odd hierarchy of birds

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birdywatcher
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odd hierarchy of birds

Background: i do a small amount up supliment feeding, table scraps and off fruit/veg

i know as a general rule that indian mynah/spotted doves/blackbirds usualy push out the native species. seem that my garden is the UN! 

the top dog is magpie> noisy miner> spotted dove>indian mynah> blackbird ! and 2 sightings of currawong, crested pigeon and grey butcherbird.  the cat runs a distant last is this race. is any of this normal? im in suburban melbourne

Woko
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Hi birdywatcher. It's quite wonderful that in the midst of all those introduced animals you have managed to see three native species. 

The most likely reason for the dearth of native birds is that you & your neighbors have gardens with introduced plants which provide little or no habitat for native birds. The trees & shrubs in your neck of suburban Melbourne are more likely than not to favour domination by introduced birds & insects. 

No, this is far from normal. For millions of years Australia's native vegetation & wildlife have evolved together to provide an incredibly complex & beautiful web of biodiversity. The advent of people who have severely altered the natural Australian environment has created quite an abnormal situation, one that we're yet to even begin to understand the tragedy of. 

soakes
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Also "the cat runs a distant last" is probably nonsense.  Cats look cute and adorable and fluffy and couldn't hurt a fly but they are *actually* unstoppable killers - all of them.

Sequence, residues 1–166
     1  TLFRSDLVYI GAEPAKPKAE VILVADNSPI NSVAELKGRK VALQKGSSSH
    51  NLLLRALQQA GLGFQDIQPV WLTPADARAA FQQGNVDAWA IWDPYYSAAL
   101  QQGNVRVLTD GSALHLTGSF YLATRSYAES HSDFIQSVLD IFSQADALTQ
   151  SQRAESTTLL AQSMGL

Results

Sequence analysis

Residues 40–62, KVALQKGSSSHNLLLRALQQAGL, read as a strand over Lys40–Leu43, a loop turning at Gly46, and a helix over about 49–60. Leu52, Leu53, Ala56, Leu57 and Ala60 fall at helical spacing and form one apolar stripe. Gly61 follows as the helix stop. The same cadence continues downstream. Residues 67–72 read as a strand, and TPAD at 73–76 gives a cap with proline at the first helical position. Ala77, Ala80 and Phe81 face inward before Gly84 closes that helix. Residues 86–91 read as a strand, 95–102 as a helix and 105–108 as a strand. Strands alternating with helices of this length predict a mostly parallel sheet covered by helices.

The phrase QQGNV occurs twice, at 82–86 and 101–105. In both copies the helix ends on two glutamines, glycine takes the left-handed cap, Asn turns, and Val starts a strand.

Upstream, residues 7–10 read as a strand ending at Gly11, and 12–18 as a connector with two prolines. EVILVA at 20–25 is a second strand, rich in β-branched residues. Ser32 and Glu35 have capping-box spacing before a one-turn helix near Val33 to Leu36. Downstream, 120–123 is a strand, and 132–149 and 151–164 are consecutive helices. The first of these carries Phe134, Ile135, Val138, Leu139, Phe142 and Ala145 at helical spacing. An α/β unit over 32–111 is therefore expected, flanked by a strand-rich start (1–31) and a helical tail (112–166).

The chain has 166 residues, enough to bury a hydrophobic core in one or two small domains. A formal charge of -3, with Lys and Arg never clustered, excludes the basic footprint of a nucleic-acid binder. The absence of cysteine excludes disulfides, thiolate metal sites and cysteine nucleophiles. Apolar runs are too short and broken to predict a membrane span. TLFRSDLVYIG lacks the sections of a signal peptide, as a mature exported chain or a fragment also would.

soakes
Olinda, Victoria, Australia

birdywatcher
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soakes wrote:

Also "the cat runs a distant last" is probably nonsense.  Cats look cute and adorable and fluffy and couldn't hurt a fly but they are *actually* unstoppable killers - all of them. 

you been in my garden? no? then shut up about what i allow my pets to do and dont bring your anti cat hate into my thread.. but anyways..

i asked a guenine question as to why my gardens native birds arent chased off by the introduced species and get ^^

no wonder why ive been a member for 4 years and never posted

soakes
soakes's picture

I don't hate cats.

...and the answer to your question is "yes and no".

...and if you let your cat outside for any length of time, it *does* kill wildlife, whether you see it or not.

soakes
Olinda, Victoria, Australia

birdywatcher
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so true, my cat kills heaps of stuff while it runs under its favourite tree, goes to the loo and comes back. all while i am watching. the magpie in my garden, on the lawn, likes to watch its progress while the noisy miners bomb it. but anyways... the same magpie dives in on clusters of spotted doves for what i can only call sport.it ignores them if they are spread out. are my birds weird?